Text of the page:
(262) 544-0700

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David Guhl, DPM
Amy Miller-Guhl, DPM
20700 Watertown Rd
Ste 200
Waukesha, WI 53186



 


 


  

 

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By contactus@waukeshafootspecialists.com
April 30, 2018
Category: Foot Care

At Waukesha Foot Specialists, we provide treatment for many different kinds of foot and ankle conditions. These conditions cause an array of issues ranging from embarrassment (fungal toenails) to sharp, stabbing pain (plantar fasciitis).

One of the most serious conditions we treat—nerve damage in feet—can lead to severe issues and medical emergencies.

If your feet are tingling—and especially if this is a chronic condition—there is a good chance it's an indication of nerve damage in your lower limbs. More specifically, the damaged nerve tissues are most likely sensory peripheral nerves.

Your body uses several different kinds of nerves. In this case, the ones we are discussing run throughout your entire body and are responsible for collecting sensory information, and then communciating it back to the central nervous system (your spinal column and brain).Cartoon ants crawling over a foot to represent tingling feet

Tingling is one of the symptoms of nerve damage, but others include burning, prickling, throbbing, and painful sensations. In some cases, neuropathy causes hypersensitivty (extreme sensitivity to touch) – which can make something like a light bedsheet or the water coming down in the shower rather painful.

Symptoms like those are definitely bad news, but even more concerning, however, is when nerve damage leaves you unable to feel physical sensations.

When nerve damage is responsible for numbness, issues like tiny cuts and sores can potentially break down over time and become ulcers. There is an especially high risk of this for those who have diabetes (and this highlights the importance of diabetic foot care). The main concern with this situation is when an untreated ulcer leads to gangrene – tissue death that can only be "treated" by amputation of an affected limb (so the gangrene doesn't spread).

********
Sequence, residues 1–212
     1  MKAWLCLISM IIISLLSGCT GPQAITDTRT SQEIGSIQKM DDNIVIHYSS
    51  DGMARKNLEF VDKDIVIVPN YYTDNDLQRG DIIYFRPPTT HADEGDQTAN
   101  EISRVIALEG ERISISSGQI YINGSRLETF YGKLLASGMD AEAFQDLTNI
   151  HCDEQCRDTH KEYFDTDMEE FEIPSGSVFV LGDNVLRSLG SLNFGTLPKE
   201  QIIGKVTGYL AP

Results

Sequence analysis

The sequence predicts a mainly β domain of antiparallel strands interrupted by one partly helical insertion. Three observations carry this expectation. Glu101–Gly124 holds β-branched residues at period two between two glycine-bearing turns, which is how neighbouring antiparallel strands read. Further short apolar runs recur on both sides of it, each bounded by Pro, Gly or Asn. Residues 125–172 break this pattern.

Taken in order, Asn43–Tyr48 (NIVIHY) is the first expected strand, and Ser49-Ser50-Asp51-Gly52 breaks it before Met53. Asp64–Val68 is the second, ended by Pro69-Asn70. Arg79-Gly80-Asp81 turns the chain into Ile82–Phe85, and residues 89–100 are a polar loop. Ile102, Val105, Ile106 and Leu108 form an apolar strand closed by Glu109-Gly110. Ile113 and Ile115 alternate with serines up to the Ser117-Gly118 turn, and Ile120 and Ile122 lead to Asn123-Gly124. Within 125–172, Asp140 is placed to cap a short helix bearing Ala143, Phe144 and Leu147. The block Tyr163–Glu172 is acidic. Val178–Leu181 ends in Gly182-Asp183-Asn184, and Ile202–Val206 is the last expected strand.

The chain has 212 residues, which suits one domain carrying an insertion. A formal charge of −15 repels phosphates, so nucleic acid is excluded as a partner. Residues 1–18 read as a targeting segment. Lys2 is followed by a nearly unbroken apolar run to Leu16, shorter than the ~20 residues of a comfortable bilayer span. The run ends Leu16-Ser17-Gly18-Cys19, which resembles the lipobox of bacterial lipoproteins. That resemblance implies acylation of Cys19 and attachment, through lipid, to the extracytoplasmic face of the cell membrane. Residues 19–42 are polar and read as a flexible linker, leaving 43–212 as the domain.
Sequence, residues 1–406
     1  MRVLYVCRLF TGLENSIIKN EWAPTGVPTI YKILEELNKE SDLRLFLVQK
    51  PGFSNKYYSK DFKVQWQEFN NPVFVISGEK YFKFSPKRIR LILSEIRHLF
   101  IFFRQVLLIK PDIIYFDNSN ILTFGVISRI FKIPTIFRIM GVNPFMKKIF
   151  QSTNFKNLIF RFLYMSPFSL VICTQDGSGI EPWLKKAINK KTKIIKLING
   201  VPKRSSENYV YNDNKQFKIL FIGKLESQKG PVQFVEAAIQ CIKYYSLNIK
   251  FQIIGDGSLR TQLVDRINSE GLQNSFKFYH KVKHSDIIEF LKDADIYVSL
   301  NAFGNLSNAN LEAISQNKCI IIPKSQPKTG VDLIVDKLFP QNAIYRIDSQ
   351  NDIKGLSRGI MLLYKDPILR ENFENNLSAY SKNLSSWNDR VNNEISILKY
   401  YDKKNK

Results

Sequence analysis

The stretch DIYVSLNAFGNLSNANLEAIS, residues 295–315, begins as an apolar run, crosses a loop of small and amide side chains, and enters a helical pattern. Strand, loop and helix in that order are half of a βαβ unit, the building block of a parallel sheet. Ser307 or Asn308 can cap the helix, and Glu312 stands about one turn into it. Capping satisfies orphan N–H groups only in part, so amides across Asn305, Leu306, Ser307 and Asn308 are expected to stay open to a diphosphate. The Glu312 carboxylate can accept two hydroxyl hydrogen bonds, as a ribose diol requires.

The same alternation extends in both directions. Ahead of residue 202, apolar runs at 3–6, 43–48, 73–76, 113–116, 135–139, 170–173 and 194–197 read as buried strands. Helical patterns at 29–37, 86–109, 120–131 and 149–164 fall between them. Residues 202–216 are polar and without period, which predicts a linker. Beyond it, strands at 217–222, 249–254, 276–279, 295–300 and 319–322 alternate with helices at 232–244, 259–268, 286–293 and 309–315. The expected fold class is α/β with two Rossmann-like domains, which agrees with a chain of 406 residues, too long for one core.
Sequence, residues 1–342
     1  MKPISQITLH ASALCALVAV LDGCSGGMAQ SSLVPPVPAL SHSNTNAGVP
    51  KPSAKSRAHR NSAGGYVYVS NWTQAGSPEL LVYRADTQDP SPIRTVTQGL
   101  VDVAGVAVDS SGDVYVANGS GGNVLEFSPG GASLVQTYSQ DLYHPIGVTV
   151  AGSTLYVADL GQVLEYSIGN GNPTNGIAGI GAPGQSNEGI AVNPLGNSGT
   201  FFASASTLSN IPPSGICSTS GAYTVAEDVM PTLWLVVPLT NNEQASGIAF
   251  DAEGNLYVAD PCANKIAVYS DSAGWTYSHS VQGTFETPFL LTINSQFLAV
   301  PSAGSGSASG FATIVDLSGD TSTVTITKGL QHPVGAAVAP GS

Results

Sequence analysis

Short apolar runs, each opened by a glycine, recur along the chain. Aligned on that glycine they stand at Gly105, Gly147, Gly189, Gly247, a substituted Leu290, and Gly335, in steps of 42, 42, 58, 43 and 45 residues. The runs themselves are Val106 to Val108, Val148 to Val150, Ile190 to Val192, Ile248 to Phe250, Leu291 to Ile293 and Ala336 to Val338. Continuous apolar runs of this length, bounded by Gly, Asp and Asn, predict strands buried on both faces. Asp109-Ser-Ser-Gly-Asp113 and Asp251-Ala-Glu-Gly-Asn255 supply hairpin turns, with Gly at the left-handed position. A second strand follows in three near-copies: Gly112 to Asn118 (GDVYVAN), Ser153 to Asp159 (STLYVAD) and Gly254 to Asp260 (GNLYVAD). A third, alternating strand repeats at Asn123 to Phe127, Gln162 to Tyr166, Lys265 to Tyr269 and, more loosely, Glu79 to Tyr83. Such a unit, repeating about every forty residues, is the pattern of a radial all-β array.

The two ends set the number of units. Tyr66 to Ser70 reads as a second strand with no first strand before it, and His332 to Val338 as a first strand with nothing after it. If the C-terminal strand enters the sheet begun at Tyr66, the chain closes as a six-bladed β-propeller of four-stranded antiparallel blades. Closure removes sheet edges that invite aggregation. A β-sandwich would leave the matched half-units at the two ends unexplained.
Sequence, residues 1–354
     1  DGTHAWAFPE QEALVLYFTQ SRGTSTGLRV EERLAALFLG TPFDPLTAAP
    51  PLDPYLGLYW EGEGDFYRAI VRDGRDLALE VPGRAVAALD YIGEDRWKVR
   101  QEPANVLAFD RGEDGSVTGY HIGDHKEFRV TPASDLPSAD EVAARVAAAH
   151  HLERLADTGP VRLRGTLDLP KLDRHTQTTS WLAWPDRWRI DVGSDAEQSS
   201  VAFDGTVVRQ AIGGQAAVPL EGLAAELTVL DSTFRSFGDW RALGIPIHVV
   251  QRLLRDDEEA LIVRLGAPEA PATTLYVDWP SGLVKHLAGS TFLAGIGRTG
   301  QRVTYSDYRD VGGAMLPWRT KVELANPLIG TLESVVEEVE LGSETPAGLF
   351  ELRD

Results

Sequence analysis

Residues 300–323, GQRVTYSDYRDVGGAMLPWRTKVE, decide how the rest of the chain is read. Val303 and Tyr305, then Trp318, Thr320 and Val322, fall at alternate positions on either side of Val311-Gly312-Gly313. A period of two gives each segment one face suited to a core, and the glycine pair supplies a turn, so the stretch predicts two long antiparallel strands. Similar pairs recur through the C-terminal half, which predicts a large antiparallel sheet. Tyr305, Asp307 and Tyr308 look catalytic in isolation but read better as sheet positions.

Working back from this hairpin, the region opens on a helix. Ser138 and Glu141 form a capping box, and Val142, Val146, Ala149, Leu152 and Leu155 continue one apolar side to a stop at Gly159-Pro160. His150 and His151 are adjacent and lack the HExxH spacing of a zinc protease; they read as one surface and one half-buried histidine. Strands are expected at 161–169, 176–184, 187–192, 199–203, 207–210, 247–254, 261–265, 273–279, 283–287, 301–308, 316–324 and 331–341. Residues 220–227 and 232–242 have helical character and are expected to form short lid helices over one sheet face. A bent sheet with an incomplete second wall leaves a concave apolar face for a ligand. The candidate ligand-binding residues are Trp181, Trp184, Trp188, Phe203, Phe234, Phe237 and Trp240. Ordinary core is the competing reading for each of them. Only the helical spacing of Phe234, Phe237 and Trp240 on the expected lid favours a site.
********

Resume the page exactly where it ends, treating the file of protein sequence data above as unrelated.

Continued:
Nerve damage is certainly concerning no matter where you experience it in your body, but neuropathy in the feet is especially concerning for a couple of reasons.

First, your feet endure tremendous physical stress on a daily basis—even if all you do is stand and walk around a bit—which can place them at heightened risk for various injuries and medical problems.

Second, your feet aren't particularly visible, even when not covered by socks and shoes. They are, after all the farthest points on the body from your eyes. This means you need to be vigilant and catch the issues (that can become medical emergencies when left unattended) early!

When everything goes as it should, the transfer of information is smooth. This isn't always the case, however, and neuropathy is often to blame.

When this occurs, you will likely experience sensations that shouldn't exist—pain, tingling, burning—or, even worse, no sensation at all. Numbness can be particularly concerning for individuals who have autoimmune disorders and conditions like diabetes.

The causes of nerve damage are quite varied. They include such factors as:

  • Diabetes. Over half of those affected by this disease experience some form of neuropathy.
  • Infections. Various bacterial or viral infections—Epstein-Barr virus, HIV, Lyme disease, hepatitis C—can affect the nervous system.
  • Trauma. Accidents and injuries can damage or severe peripheral nerves and create disconnect in the system or result in fault messages being sent.
  • Tumors. Whether cancerous or benign, a tumor that grows on a nerve or presses against one can lead to peripheral neuropathy issues.
  • Poor nutrition. A lack of B vitamins, vitamin E, and niacin can impair nerve health.

Other diseases, medications, and inherited disorders also can cause peripheral neuropathy.

When neuropathy accompanies diabetes, it can be a dangerous combination. Unfortunately, the high blood sugar levels created by the disease injures nerve fibers, so this is particularly common.